How about you readers? Were you the mad scientist in the household, or the Frankenstein freak being tested on? I’m thinking about starting a club someday, TITHAFYS, Teeth in the Hand Alliance For Youngest Siblings, I’ll be needing a strong leadership team, put your nominations in for VP, treasurer, and secretary. Happy writing!
I am the youngest of four children. A “surprise” if you ask my parents, a “mistake” if you ask my siblings, and a “party crasher” if you ask me. Being seven years younger than my closest sibling, much of my childhood was spent watching movies, reading mystery books, and writing fantastical short stories to be later performed as a one woman puppet show in my room.
Seeing as I had only myself for entertainment, my imagination ran wild with adventure and tales of great woe. Seeing as my parents were the age of my classmates’ grandparents, I was convinced they would be dead before I graduated eighth grade. I thought, I’d better prepare myself for how to live alone. Thus began the many escapades of Jess, lone street rat and orphan girl, hiding out by day in her makeshift cave and creeping by night stealing fruit snacks from the pantry cupboards. She was not to be toyed with!
The stairwell in our house had a banister at the top with a few bars running horizontally for looks and structural support. The space between the stairs and the first bar became the secret crevice to enter my hideaway and had to be crawled through on one’s stomach. Once safely in my room, a string or jump rope was tied from the dresser handle across the room to the plant stand which doubled as a storage unit for my mass quantity of Cabbage Patch Dolls (Annette, Lanny, Paula, Patti, Heather, Tay, Humphrey, Barney, Keri Ann, Sara, Sloane, Chrissy, Pat, Camilla and Suzette). After the string was tied, blankets were thrown over the line creating a secret canvas covered hideout or puppet show theater depending on your mood. Hidden behind these draperies the cries from the streets of “Riffraff!” and “Scoundrel!” could not harm me.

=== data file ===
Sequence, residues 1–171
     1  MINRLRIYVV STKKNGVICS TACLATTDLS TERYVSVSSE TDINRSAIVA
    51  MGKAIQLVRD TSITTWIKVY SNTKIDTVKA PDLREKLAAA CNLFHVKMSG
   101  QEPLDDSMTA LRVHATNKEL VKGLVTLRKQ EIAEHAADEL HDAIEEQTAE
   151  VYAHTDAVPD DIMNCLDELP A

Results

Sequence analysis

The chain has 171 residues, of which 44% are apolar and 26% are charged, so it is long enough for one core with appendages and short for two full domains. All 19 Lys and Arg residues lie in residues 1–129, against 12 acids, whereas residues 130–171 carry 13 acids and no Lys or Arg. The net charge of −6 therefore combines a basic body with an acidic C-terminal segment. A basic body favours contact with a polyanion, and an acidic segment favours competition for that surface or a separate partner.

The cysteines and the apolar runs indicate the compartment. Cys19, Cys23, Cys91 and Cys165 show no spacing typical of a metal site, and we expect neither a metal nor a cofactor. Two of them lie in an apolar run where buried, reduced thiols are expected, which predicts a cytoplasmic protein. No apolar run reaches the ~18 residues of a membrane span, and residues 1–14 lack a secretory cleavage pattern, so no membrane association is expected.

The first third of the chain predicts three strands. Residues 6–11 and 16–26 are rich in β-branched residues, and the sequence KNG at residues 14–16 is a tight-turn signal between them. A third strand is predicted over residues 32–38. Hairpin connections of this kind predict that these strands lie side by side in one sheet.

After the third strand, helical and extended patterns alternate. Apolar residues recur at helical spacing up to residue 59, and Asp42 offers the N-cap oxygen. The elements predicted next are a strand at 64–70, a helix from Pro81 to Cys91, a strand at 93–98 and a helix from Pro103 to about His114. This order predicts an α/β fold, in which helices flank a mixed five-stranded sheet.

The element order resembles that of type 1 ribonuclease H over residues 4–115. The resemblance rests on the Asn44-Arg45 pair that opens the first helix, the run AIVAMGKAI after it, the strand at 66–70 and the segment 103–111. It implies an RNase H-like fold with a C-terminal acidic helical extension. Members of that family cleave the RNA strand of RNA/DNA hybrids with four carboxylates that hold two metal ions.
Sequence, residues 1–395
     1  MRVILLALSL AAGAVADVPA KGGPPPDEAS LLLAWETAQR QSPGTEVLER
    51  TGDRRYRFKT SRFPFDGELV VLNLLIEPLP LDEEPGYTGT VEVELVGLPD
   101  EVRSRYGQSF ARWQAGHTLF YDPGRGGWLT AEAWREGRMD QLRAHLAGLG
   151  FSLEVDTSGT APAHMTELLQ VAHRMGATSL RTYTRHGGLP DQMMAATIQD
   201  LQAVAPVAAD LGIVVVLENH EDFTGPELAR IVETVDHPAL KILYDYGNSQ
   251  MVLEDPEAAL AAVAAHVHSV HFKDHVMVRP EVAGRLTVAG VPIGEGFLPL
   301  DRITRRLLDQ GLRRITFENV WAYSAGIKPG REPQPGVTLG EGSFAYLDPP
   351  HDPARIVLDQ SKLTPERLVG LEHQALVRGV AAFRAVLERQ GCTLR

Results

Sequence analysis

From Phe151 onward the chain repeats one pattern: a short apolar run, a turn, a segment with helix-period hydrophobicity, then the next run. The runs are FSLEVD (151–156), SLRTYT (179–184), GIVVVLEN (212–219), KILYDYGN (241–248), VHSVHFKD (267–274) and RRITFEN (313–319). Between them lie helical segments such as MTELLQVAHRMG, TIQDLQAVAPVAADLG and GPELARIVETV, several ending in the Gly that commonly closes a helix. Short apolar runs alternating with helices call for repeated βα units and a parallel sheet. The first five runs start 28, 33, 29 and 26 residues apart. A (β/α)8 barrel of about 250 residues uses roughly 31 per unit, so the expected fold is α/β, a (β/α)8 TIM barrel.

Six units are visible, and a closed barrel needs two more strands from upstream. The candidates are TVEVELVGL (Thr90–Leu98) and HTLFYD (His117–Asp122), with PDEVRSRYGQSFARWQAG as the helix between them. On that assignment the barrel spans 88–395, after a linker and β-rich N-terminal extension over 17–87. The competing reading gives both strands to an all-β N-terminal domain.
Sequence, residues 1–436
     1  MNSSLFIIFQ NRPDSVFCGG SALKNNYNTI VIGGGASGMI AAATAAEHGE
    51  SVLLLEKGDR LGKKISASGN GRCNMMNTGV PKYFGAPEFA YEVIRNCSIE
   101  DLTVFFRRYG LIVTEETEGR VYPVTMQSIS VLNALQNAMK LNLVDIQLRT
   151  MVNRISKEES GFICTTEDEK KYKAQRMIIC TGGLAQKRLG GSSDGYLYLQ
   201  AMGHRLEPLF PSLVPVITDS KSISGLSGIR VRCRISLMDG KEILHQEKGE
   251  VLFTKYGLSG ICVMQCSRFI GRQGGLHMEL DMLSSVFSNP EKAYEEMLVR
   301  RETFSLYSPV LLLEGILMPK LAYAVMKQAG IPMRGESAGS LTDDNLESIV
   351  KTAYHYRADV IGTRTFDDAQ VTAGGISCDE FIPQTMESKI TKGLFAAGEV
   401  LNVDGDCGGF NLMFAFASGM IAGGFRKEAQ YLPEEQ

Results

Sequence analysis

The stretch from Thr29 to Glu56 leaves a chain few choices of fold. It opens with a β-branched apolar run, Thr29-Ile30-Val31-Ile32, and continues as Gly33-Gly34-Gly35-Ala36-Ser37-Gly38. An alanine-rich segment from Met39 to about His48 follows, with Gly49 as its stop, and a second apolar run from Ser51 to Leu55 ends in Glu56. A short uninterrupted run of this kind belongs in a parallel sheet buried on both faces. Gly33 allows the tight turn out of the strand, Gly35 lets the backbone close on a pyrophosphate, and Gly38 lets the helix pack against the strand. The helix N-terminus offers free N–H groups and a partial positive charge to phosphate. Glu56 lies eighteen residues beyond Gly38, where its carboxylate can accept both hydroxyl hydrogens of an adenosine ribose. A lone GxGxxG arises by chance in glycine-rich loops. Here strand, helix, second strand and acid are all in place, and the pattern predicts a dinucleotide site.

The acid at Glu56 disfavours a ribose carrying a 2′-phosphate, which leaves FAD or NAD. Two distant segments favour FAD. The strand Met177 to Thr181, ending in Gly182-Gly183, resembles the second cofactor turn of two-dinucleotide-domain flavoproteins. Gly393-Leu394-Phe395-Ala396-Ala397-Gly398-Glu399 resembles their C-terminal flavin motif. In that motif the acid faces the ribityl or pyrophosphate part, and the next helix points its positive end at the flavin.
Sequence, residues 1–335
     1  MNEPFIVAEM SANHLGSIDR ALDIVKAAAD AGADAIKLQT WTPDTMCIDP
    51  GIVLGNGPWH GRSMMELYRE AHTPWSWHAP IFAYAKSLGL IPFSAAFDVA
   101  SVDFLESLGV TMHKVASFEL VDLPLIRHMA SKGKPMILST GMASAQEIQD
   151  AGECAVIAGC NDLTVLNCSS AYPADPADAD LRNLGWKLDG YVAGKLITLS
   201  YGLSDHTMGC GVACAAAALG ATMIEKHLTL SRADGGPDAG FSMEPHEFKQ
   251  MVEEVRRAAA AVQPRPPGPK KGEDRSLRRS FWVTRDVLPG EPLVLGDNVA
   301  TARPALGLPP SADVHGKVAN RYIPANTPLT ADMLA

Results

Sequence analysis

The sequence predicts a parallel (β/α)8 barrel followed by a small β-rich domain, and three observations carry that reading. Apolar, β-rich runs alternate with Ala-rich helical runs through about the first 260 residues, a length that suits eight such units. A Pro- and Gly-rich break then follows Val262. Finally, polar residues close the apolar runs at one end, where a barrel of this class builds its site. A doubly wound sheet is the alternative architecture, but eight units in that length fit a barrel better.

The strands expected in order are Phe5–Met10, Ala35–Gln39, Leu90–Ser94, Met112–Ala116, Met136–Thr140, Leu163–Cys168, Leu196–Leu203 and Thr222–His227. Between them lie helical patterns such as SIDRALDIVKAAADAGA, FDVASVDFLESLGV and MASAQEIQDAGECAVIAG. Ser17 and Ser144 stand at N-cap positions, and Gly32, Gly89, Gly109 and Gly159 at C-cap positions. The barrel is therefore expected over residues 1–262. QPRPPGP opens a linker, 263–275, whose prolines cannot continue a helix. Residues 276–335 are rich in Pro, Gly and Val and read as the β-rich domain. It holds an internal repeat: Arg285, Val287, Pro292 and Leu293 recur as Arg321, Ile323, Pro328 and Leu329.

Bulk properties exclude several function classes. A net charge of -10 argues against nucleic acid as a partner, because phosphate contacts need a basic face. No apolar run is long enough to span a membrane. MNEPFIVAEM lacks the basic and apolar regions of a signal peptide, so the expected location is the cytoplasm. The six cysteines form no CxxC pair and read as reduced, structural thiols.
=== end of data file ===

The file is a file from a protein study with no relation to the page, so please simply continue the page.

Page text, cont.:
The challenge while playing orphan was to go as long as possible being unseen. So, to sneak food, one had to crawl through the secret crevice over the stairwell, descend the steps, slide down the frame of the door, quickly crawl under the dining room table and wait until opportunity came. Then, you crab walked into the kitchen, silently opened the pantry door, pulled out a fruit roll-up or box of croutons, and crab walked back under the table to delight in your stolen afternoon snack.
Another challenge in the game of orphan could only be played when left alone in the house for short periods of time. The game was called “don’t touch the carpet” and it counted how many times you could get around the living room using only the furniture before you slipped or fell onto the carpet. Here’s how an expert at this game does it.
- Begin on the couch.
- Bounce across its cushions.
- Step onto the end table, avoid coasters and magazine piles.
- Jump onto the loveseat.
- Repeat step 2.
- Stretch legs to the rocking chair and go!
- Steady yourself, or pretend to surf for awhile.
- Stretch onto the smaller end table.
- Move to the chair in the corner.
- *Note: The final task is extremely difficult if playing in sock feet, proceed with caution. Step 10. Crawl onto the TV, and cling for dear life on the frame around the screen, when a good distance jump is there, jump back to the couch. Repeat steps 1-10.
One thing I learned while playing orphan is that you get lonely. You really need a sidekick. Soon I had two, a cat named Carmel and a dog named Tipper. Make sure your sidekick is someone you can trust with secrets, such as your hideaway whereabouts. Sometimes when you’re an orphan, a secret language must be developed so you can leave written messages to your pals without an invader knowing what it means. These can then be conveniently pinned to your canvas with a clothespin.
So if you’re thinking about playing the game Orphan, here’s a list of supplies you may want to include.
- blankets to build your hideaway/take a nap
- stuffed animals/dolls for trusty sidekicks
- junk food for the road, the days are long are arduous as an orphan
- paper and pens/markers because orphans are extremely intelligent and creative
- a tape recorder and microphone because orphans are known to burst into song when they’re safely hidden in their getaway home
What sort of games did you play as a child? Who would you take as your sidekick?